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BELLOWS FALLS — People are increasingly recognizing the history and culture of Indigenous people, Elnu Abenaki leaders said Thursday at a celebration of a National Park Service grant that will allow Rockingham and an Abenaki organization to re-evaluate the importance of the petroglyphs at Kchi Pontegok, or The Great Falls.

Rich Holschuh of Brattleboro, director of the Atowi Project who will be co-director of the petroglyph study, told the gathering that earlier that day he had been able to make a $325,000 bid on two acres of land in Brattleboro that is sacred to the Abenaki, thanks to strong fundraising and a recognition of the importance to the region’s multi-cultural history. He said he had been able to raise $170,000 in one week toward the purchase.

Earlier this year, the Rockingham Historic Commission and the Elnu Abenaki Tribe applied for the federal grant for under-represented communities to study and re-evaluate the Bellows Falls petroglyphs in their cultural context. It was the first time an organization in Vermont received such a grant.

Holschuh told the 70 people gathered Thursday evening at the Great Falls Park on Mill Street, overlooking the Connecticut River, that he had received two $50,000 donations in recent days to support the purchase of the Brattleboro land. He said the Vermont Land Trust had promised to provide bridge financing for the purchase price until fundraising can be completed.

At the same time, Holschuh and Elnu Abenaki Chief Roger Longtoe Sheehan said that negotiations were continuing with Great River Hydro, which owns the land where the Bellows Falls petroglyphs are located, as part of the Federal Energy Regulatory Commission’s relicensing of the hydro facility.

The petroglyphs are just downstream from the Vilas Bridge.

The Bellows Falls petroglyphs are badly damaged, said Longtoe Sheehan, due to misguided re-carving of the 3,000-year-old petroglyphs, as well as painting them with fluorescent paint, and bridge construction in the area of The Great Falls, as Bellows Falls was known. It was a place for spirits, he said.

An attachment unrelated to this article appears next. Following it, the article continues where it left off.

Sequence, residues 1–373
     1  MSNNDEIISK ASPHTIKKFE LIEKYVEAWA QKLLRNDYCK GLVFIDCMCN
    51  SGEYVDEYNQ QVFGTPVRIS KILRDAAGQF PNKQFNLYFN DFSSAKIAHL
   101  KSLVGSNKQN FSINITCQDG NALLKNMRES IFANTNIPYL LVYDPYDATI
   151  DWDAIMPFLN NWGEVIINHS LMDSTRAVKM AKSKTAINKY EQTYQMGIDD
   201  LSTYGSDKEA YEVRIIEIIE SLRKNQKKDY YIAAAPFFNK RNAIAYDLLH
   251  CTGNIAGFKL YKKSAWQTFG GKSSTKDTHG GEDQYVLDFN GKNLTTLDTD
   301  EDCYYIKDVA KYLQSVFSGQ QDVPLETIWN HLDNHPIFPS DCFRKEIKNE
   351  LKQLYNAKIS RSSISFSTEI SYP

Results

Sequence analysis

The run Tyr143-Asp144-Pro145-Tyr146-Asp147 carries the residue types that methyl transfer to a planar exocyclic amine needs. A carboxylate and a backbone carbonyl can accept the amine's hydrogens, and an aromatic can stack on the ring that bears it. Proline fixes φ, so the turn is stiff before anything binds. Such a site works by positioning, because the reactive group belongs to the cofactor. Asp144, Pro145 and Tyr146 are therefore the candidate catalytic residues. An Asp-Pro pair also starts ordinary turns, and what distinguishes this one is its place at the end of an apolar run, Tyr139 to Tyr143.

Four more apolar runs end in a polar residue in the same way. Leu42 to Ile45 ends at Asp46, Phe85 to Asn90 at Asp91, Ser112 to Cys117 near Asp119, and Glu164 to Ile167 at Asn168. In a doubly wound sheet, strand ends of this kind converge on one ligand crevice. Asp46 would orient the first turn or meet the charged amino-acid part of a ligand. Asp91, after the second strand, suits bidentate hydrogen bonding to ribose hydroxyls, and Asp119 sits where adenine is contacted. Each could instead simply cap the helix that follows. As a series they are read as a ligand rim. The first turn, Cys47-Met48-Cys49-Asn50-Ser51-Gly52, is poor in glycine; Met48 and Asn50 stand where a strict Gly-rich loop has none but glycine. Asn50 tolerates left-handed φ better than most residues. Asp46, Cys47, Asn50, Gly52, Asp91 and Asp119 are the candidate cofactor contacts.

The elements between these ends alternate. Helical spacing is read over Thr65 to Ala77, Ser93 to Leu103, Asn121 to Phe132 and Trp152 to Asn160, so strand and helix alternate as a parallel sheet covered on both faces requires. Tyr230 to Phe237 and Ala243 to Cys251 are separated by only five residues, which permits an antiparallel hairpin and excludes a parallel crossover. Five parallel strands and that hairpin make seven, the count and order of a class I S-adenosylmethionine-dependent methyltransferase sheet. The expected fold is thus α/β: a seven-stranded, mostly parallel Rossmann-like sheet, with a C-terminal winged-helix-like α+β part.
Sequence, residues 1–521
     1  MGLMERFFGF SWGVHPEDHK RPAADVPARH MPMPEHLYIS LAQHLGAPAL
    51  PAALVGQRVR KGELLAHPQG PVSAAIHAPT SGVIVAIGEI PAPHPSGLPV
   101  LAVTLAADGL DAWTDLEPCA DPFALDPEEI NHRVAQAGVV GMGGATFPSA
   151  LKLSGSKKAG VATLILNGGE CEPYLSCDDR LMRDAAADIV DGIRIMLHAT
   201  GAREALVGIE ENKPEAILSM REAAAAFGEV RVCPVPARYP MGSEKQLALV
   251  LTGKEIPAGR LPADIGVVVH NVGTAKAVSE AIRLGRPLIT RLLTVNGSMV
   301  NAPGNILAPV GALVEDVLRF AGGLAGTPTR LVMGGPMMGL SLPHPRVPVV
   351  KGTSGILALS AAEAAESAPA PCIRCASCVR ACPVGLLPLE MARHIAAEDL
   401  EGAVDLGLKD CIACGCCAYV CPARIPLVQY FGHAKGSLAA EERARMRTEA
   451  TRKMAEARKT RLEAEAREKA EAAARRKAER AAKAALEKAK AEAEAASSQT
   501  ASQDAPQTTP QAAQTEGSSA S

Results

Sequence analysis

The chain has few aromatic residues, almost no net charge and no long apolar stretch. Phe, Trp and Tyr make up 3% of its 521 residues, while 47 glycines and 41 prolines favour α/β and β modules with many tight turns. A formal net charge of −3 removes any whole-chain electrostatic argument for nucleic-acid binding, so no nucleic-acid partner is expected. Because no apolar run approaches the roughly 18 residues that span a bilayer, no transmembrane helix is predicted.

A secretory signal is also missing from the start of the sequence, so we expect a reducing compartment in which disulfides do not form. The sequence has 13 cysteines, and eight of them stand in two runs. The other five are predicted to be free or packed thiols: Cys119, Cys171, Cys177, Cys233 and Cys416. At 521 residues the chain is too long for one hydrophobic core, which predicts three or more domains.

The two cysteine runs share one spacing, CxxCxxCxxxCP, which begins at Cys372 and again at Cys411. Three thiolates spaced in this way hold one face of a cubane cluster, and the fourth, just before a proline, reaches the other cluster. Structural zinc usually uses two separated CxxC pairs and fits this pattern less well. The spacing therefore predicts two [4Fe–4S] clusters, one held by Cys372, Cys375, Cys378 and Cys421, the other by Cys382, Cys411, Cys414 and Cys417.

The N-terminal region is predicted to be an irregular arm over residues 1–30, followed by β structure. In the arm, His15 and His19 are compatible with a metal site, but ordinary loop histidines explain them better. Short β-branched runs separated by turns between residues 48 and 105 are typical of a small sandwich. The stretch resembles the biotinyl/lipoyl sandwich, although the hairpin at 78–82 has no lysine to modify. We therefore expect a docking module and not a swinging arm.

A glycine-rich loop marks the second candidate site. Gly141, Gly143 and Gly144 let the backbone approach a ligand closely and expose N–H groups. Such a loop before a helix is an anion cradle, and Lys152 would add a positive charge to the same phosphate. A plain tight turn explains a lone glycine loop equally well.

Holschuh read two letters sent to the Rockingham Historic Commission and the Elnu Abenaki from Vermont Sens. Patrick Leahy and Sen. Bernie Sanders,about the special National Park Service grant, and the mission of the study to put the Indigenous sacred symbols into context.

“While the main purpose of this grant is to fund the Petroglyph project, its impacts are much broader. It recognizes that, for decades, the Elnu Abenaki have been underserved, overlooked, and underrepresented. Thanks to your efforts, the project will protect generations of culture. We need to continue the growing movement of understanding the complexity and relevancy of Indigenous people, and preserving their values and rich history,” Sanders wrote.

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Holschuh said he hoped the bid, which was $5,000 above the asking price, would be accepted by the seller, but he was cautious, citing the hot real estate market. The seller has four days to accept his bid, he said.

The two acres could have been turned into more than a dozen building lots, Holschuh said, anathema to the sacredness of the site.

The land, which is on the banks of the West River and near the mouth of the Connecticut River, is believed to be a site of Indigenous burials and is close to the recently re-discovered Indigenous petroglyphs, which have been under water ever since the the construction of the hydro-electric dam in Vernon.

The Brattleboro petroglyphs are under 15 feet of water, while the Bellows Falls petroglyphs are in the open. They are the only known petroglyph sites in Vermont.

Holschuh said the Great Falls petroglyph project would help educate all people.

“You don’t care about what you don’t know about,” he said.

The carvings, said project co-director and archeologist Gail Golec of Walpole, N.H., are “not just rocks in a waterfall.” The study will help people understand the importance of the carvings, said Rockingham Town Manager Scott Pickup.

“Sometimes we don’t always see what’s in front of our face,” he said.

Contact Susan Smallheer at ssmallheer@reformer.com.